The story pushes on into new territory in this issue too – humiliated, her opinions dismissed by Bronson in a high level meeting, Tilly turns to a pair of G+ Mayfair swingers, Cosmo and Zuzu Fortescue, to enroll in something called the Praetorian programme. While she tells them they can be moral and spiritual leaders to counteract the notion of all G+ people as lawless feckless youths, they’d have to be trained on The Island before they could begin their work, and we can only ponder the nature of that training and look forward to future issues with appetites not so much whetted as slavering to find out what becomes of the Fortescues and their ‘moral leadership’ – especially since the issue ends with Jeb Mulgrew, our troubled FBI operative, arriving on The Island to begin his mission to nab the research that’s going on there into G+ and Super-Gs - research that previous issues indicated had maybe just found a cure for the virus.
No, we haven’t finished the Simmonds party yet, we just needed to fit in the story development, because of course no comic is just about the art. But here, while the story’s strong enough to move its various threads along and add new ones that make us want to buy a collected edition and just keep on turning pages, Simmonds’ work by itself explains why Death Sentence London has been called the best British comic book in years. It’s that beyond all shadow of doubt – in fact I’d say it’s probably the best comic book in years, wherever you’re from, mixing philosophy and grit, life, death, sex, art, rock and roll, the meaning of life and the power of creativity. You could make a kickass movie of Death Sentence London, but you’d need the sensibilities of an indie and the money of Hollywood, with the power to tell executives to well and truly get to fuck. The point of which is that in issue #5, Simmonds shows what a top-notch artist can do: if you made a movie of it, you’d need a team of hundreds, probably, to achieve what Simmonds delivers using art and colour, form and style to underpin MontyNero’s story in ways that elevate it into a visual language that speaks instinctively to the reader. You’d need location scouts, prop builders, lighting technicians, vision mixers, three different effects teams, actors and a kickass director to deliver just the first eight pages. By the end of page 10, you’d need half a minute of scrolling credits. This is the power of art from the mind of a creative artist on the top of their game – they can do so much more than serve a story, they can make the story tell itself on several levels all at once to your brain, and Simmonds does that in issue #5.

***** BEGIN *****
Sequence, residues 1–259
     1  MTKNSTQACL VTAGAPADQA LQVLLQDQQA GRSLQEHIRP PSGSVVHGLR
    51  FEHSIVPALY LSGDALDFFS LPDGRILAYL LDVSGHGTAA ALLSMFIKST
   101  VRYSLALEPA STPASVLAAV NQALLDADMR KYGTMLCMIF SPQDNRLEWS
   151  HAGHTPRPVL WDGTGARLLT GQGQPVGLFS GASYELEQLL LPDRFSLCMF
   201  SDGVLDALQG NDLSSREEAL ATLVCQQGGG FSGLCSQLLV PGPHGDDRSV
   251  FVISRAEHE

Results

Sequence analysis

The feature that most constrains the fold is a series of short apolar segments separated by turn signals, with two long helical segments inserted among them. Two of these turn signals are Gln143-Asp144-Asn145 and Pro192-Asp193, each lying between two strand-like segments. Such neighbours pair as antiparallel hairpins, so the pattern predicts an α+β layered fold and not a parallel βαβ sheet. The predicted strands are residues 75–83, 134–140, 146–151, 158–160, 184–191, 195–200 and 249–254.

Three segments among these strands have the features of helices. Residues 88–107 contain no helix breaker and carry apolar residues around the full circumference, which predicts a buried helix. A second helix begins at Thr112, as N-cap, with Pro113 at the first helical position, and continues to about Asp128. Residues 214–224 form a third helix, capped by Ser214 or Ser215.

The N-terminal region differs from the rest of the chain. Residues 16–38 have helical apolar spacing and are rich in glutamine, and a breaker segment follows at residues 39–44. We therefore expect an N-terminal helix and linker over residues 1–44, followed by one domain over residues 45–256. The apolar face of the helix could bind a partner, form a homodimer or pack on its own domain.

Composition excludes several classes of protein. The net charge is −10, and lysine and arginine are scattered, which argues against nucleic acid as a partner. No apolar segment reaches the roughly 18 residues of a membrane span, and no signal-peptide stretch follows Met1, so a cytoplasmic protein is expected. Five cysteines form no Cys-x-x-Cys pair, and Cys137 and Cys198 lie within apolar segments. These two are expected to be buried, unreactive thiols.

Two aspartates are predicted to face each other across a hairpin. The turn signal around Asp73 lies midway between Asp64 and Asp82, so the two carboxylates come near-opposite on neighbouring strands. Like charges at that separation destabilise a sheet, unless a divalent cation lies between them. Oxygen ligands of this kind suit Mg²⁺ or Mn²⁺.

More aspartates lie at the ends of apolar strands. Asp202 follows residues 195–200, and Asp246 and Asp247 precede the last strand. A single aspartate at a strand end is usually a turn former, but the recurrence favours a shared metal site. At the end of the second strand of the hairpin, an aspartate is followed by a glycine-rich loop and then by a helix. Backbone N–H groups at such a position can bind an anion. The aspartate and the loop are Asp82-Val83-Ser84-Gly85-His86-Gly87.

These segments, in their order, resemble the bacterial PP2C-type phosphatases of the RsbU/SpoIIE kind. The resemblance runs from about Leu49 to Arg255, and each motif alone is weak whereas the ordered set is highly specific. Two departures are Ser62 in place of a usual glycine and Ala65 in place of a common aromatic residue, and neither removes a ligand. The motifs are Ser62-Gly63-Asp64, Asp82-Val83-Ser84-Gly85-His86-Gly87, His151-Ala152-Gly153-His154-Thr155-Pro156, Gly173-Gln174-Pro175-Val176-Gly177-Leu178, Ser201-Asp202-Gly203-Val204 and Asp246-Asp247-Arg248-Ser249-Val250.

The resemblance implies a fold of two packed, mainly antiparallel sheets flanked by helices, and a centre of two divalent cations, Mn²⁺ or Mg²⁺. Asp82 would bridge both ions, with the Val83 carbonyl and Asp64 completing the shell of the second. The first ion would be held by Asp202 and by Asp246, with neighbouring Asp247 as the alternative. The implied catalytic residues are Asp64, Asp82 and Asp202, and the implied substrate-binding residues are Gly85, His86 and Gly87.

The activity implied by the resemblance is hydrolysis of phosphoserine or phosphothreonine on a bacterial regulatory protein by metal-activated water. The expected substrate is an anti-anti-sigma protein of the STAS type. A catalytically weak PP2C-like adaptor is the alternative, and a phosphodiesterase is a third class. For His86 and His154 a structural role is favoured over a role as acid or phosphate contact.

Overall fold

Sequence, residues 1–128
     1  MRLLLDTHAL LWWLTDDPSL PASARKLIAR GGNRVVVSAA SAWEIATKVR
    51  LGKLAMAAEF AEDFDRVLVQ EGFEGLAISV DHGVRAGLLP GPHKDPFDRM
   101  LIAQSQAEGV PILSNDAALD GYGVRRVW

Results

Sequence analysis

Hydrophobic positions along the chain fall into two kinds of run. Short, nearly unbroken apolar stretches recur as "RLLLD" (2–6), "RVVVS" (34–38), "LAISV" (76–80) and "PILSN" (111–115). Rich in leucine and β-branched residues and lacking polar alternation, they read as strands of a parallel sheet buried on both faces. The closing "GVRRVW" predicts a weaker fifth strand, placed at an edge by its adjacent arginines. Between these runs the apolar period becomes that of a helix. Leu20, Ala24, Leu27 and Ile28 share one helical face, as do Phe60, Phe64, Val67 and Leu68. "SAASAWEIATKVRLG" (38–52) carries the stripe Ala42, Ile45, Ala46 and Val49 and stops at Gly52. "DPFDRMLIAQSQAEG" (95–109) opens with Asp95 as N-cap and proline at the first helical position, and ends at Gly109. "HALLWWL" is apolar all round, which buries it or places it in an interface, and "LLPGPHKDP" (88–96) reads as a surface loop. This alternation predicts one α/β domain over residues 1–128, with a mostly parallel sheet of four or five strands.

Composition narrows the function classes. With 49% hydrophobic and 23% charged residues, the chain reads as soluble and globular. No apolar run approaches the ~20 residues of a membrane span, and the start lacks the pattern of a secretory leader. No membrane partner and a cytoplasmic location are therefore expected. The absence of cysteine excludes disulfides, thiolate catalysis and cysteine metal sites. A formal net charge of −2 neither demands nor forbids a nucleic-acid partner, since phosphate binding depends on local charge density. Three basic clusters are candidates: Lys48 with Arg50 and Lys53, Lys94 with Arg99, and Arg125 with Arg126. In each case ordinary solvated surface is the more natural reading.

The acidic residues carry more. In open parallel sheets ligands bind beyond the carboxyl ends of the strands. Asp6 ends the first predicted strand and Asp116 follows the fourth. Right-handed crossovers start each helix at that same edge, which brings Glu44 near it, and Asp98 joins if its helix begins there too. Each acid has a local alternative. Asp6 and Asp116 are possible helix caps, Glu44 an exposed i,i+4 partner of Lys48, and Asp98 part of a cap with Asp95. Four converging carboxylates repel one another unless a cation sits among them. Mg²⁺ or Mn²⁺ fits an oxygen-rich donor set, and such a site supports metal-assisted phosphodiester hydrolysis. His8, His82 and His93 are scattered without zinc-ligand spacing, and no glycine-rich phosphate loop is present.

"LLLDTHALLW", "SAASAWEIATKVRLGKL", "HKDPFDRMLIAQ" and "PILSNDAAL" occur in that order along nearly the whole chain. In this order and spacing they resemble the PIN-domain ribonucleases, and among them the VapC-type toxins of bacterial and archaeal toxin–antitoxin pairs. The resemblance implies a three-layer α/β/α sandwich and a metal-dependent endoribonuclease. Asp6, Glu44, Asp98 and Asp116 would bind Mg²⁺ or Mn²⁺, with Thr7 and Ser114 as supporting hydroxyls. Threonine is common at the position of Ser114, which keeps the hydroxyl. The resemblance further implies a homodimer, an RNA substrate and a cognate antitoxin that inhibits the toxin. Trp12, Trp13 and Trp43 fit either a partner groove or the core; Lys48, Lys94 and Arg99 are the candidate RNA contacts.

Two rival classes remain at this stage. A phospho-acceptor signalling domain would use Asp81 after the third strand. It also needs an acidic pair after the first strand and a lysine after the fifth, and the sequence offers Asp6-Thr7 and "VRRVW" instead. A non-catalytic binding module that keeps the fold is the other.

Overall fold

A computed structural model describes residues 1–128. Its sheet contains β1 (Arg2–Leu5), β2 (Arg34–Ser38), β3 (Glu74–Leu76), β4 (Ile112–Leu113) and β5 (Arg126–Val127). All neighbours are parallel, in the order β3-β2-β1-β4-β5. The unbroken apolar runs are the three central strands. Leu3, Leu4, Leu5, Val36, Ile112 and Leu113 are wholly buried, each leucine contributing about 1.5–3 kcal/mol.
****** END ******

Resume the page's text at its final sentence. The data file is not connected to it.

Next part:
By no means get me wrong – there’s strong story development in issue #5 too – Bronson on the warpath, Roots victorious but in need of a plan, Verity finding and then losing hope, Mulgrew on his mission, and now the Fortescues as potential Praetorians: there’s plenty here to make you slaver for the next issue. But while you do, go back and take in Simmonds’ work again – go back to previous issues and see how he does the same there, building the power and the impact of the story without you necessarily understanding how he does it.
Then make your flag, and wave it hard. Simmonds – and Death Sentence London – rocks!
Tony Fyler lives in a cave of wall-to-wall DVDs and Blu-Rays somewhere fairly
nondescript in Wales, and never goes out to meet the "Real People". Who,
Torchwood, Sherlock, Blake, Treks, Star Wars, obscure stuff from the
70s and 80s and comedy from the dawn of time mean he never has to. By
runs an editing house, largely as an
excuse not to have to work for a living. He's currently writing a Book.
With Pages and everything. Follow his progress at FylerWrites.co.uk